If you’ve been using subst:new eo form to generate adjectival participles [-inta(j)(n)/-anta(j)(n)/-onta(j)(n)], bad news: the script was generating Verb part-of-speech headers for those endings instead of Adjective. (The good news is, I’ve fixed the bug.)

What’s worse, it seems that some time ago, Darkicebot mass produced a metric boatload of these pages, all marked with the wrong part of speech.

To fix this mess, we're gonna need a bigger bot. — Robin 01:49, 4 October 2010 (UTC)

What exactly makes Esperanto participles count as adjectives but participles from other language count as verbs? --Yair rand (talk) 02:07, 4 October 2010 (UTC)
That's what I was gonna say. Convince us you're right. Mglovesfun (talk) 13:09, 4 October 2010 (UTC)
In Esperanto the final letter(s) of the word unambiguously determine the part of speech. Adjectives always end in -a, and a word ending in -a is always an adjective. So there can be no confusion. —CodeCat 15:49, 4 October 2010 (UTC)
Sorry, for non-Esperantists, the participle markers in Esperanto are -int- (past), -ant- (present), and -ont- (future), which are then followed by a part of speech ending, -a (adjective), -o (noun), -e (adverb). An example of each sort of participle, with suffixes indicated:
  • vojaĝ·i = to travel
    vojaĝ·ant·a famili·o = a family that is traveling
    vojaĝ·ant·o = one who is traveling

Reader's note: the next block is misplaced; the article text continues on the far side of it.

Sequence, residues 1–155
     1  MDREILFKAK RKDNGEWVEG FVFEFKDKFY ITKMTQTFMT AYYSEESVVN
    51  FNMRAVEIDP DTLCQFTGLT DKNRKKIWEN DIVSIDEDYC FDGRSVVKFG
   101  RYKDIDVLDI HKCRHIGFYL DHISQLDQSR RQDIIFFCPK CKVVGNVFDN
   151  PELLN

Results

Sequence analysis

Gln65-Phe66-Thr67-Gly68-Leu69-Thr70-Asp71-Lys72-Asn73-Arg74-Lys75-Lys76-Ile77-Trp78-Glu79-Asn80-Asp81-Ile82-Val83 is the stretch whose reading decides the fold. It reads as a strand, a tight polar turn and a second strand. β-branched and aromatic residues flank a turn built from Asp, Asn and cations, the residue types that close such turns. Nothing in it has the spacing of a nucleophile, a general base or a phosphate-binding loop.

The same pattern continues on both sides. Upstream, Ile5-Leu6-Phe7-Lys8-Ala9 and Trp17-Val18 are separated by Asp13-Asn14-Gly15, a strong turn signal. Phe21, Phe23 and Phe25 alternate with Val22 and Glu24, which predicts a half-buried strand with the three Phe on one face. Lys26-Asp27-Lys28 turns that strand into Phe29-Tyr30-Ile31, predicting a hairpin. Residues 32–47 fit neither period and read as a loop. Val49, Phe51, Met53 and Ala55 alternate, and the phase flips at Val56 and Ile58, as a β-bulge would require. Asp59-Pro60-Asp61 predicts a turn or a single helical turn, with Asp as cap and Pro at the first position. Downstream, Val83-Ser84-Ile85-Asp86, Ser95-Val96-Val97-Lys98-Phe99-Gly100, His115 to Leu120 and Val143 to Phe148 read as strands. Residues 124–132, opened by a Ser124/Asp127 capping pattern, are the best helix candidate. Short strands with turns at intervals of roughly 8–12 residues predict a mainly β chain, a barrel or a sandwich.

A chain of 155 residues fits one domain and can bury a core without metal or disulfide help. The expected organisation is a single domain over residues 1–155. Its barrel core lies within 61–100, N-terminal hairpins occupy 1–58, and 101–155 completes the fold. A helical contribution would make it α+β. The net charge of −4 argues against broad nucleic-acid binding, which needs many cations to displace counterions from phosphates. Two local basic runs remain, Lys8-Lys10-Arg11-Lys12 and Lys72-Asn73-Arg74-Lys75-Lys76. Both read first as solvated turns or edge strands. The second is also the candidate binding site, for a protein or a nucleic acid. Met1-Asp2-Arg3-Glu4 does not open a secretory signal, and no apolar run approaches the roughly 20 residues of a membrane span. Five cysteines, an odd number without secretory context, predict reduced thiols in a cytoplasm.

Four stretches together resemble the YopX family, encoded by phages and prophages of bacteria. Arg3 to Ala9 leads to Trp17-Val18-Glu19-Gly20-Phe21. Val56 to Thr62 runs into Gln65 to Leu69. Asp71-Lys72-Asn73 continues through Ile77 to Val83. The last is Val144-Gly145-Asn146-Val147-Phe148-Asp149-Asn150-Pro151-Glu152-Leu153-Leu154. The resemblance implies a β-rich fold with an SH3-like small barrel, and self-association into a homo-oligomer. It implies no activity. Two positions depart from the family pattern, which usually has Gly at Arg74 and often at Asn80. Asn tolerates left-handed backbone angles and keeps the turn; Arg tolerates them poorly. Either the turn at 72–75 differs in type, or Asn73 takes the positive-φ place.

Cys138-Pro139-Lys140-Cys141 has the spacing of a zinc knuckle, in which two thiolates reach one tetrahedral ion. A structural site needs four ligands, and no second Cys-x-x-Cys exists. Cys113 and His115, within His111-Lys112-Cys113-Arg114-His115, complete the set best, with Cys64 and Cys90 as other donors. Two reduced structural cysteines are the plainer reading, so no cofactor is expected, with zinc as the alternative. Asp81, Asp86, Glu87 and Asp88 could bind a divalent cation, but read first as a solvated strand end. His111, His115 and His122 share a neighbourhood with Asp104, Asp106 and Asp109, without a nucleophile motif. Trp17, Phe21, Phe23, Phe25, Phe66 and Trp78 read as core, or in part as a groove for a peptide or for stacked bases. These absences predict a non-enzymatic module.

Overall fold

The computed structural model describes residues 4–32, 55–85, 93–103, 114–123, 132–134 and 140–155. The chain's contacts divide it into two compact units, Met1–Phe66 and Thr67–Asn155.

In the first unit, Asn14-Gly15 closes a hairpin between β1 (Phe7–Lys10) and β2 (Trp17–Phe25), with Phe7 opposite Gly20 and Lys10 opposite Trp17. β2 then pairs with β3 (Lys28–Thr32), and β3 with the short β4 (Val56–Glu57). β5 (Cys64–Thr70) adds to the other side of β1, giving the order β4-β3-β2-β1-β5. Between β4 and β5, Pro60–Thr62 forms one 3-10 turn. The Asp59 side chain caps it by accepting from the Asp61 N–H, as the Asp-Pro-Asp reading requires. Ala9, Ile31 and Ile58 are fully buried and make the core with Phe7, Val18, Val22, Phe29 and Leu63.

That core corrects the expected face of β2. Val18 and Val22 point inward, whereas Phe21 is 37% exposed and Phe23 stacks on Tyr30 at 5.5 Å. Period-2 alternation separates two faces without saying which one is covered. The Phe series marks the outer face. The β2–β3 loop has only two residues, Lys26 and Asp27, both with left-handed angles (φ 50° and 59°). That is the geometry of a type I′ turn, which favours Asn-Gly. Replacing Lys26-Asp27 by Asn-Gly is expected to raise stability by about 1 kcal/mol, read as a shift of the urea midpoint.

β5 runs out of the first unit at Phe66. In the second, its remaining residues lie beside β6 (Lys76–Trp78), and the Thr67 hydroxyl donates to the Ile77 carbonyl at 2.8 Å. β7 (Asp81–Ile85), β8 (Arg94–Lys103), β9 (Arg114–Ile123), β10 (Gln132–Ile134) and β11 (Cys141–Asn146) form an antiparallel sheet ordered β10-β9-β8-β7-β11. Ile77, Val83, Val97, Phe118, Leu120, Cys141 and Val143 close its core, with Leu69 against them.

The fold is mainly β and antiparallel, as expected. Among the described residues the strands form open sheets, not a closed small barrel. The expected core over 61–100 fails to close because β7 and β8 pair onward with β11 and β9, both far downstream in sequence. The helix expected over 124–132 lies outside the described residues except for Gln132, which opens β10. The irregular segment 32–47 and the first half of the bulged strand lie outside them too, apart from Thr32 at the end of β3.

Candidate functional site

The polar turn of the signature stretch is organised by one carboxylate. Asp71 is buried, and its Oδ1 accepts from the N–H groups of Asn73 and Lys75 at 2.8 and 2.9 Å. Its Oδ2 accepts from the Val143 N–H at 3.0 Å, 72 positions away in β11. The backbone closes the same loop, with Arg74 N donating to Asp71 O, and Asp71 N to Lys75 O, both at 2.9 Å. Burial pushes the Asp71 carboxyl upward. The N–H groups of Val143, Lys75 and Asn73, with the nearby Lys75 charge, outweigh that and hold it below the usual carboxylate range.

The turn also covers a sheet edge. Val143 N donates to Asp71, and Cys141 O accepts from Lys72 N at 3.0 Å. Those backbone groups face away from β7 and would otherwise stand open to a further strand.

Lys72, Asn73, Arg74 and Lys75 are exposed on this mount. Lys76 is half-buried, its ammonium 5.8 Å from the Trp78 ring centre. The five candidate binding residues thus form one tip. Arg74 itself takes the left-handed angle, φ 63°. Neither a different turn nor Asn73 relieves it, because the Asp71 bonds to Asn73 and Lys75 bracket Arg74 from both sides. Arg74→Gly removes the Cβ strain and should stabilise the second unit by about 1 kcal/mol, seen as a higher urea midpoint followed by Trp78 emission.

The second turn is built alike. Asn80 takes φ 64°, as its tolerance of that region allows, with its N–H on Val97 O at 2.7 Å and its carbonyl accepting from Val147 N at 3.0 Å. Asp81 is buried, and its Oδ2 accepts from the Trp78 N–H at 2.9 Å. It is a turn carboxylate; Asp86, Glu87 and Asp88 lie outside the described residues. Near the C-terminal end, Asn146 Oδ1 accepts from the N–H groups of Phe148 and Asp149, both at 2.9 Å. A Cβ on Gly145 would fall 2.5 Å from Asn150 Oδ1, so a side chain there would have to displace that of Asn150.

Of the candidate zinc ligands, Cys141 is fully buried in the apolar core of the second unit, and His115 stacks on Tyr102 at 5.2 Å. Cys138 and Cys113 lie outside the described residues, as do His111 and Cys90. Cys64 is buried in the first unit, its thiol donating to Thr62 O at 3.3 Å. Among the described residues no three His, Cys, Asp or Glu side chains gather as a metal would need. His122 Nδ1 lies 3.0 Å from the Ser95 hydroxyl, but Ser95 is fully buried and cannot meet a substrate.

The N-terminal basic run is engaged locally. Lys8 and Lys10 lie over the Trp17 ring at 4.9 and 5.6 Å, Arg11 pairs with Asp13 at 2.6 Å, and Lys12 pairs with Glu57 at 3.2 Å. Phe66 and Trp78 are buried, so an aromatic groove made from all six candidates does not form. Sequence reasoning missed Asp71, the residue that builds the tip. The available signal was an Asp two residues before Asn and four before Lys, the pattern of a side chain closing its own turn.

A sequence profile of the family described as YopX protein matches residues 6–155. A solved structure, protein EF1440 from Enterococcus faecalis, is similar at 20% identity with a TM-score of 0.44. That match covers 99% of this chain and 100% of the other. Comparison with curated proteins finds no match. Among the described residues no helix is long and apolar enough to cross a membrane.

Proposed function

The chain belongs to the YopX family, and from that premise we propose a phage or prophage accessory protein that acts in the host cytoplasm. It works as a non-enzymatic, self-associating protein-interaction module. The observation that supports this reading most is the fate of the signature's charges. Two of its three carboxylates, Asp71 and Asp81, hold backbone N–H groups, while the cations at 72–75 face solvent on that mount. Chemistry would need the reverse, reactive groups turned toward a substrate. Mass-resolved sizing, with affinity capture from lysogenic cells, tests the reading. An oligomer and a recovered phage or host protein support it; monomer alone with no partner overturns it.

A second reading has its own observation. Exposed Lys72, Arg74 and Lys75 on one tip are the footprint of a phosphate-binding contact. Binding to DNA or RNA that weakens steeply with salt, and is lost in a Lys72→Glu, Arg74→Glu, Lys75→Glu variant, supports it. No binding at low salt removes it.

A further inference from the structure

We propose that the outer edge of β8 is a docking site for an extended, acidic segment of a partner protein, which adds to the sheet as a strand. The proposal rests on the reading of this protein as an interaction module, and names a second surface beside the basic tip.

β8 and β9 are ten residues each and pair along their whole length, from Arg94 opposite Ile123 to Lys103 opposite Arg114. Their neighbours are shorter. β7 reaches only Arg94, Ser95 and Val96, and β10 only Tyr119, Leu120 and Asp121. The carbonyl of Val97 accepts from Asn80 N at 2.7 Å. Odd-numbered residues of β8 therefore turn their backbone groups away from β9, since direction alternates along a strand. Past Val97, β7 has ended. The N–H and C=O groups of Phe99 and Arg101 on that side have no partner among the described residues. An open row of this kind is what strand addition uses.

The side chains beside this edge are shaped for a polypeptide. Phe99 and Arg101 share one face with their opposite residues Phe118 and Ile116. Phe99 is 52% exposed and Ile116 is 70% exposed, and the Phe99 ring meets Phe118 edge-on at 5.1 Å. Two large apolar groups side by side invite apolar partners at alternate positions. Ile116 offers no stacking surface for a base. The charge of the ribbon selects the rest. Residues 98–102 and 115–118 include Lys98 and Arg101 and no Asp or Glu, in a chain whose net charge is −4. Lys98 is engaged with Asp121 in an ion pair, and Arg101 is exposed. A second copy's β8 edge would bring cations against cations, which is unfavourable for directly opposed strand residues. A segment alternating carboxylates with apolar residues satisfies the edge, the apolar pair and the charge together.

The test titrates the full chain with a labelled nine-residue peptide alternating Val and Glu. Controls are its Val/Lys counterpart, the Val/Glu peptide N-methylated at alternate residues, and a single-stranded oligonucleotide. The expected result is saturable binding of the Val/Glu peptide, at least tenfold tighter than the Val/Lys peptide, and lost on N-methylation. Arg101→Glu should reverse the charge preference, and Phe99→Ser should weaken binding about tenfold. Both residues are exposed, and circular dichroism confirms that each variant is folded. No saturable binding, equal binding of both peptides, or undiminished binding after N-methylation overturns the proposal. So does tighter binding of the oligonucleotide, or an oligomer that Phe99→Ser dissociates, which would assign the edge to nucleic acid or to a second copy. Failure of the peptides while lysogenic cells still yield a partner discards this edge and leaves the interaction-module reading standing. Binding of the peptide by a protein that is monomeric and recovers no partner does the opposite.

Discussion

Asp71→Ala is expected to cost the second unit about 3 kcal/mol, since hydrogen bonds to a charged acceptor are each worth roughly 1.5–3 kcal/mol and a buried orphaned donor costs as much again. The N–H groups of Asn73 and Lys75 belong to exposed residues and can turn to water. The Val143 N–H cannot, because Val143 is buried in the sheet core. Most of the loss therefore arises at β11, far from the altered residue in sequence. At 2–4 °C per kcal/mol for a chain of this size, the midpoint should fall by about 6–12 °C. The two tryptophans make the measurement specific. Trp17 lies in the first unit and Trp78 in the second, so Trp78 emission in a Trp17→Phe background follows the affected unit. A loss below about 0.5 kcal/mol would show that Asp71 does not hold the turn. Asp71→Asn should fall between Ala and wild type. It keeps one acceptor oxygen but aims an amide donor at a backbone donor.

vojaĝ·ant·e mi serĉ·as bov·in·o·j·n = travelingly (while traveling), I look for cows.
They are formed from verbs, but their part of speech is explicit; they are not verbs. - Robin 15:20, 5 October 2010 (UTC)
This seems to be the same case as English. "traveling" (like "vojaĝanta") is a participle that functions like an adjective, yet it is labeled as a verb. How are Esperanto participles different? (I actually don't understand at all why all participles are labeled as verbs, but if we're going to have them labeled like that we might as well be consistent about it...) --Yair rand (talk) 17:32, 5 October 2010 (UTC)
"Verbs functioning as adjectives", that’s an English mindset where verbs can't lose their verbness even when they turn into adjectives.
Esperanto is like a world of roots which only gain a part of speech from an ending:
Unlike English, if you know the word for "sight", you also know the word for "visual" and "see"; the root "vid" can become any part of speech. It’s entirely determined by that last letter.
So vojaĝ·ant·o isn't a verb acting like a noun, it is a noun, -o turns whatever you attach it to into a fully-fledged noun. — Robin 07:19, 7 October 2010 (UTC)

Still a problem. There are tons of adjective forms with a "Noun" L3 header. -- Prince Kassad 18:03, 1 February 2011 (UTC)

@Robin Lionheart are there still entries that need cleaning-up or have they all been cleaned up by now? - -sche (discuss) 04:12, 7 March 2015 (UTC)
@Robin Lionheart, Mr. Granger are there still entries of this sort that need cleaning-up or have they all been cleaned up by now? - -sche (discuss) 17:17, 3 July 2015 (UTC)
As far as I can tell they have been cleaned up. If we want to be sure, someone could write a script to look through all Esperanto entries and check whether the POS header matches the last letters of the word. But after looking through a few, I don't see any with the wrong POS. —Mr. Granger (talkcontribs) 23:26, 3 July 2015 (UTC)
I did a check myself, and it does look from this like QuasiBot cleaned up the affected entries. - -sche (discuss) 04:46, 6 July 2015 (UTC)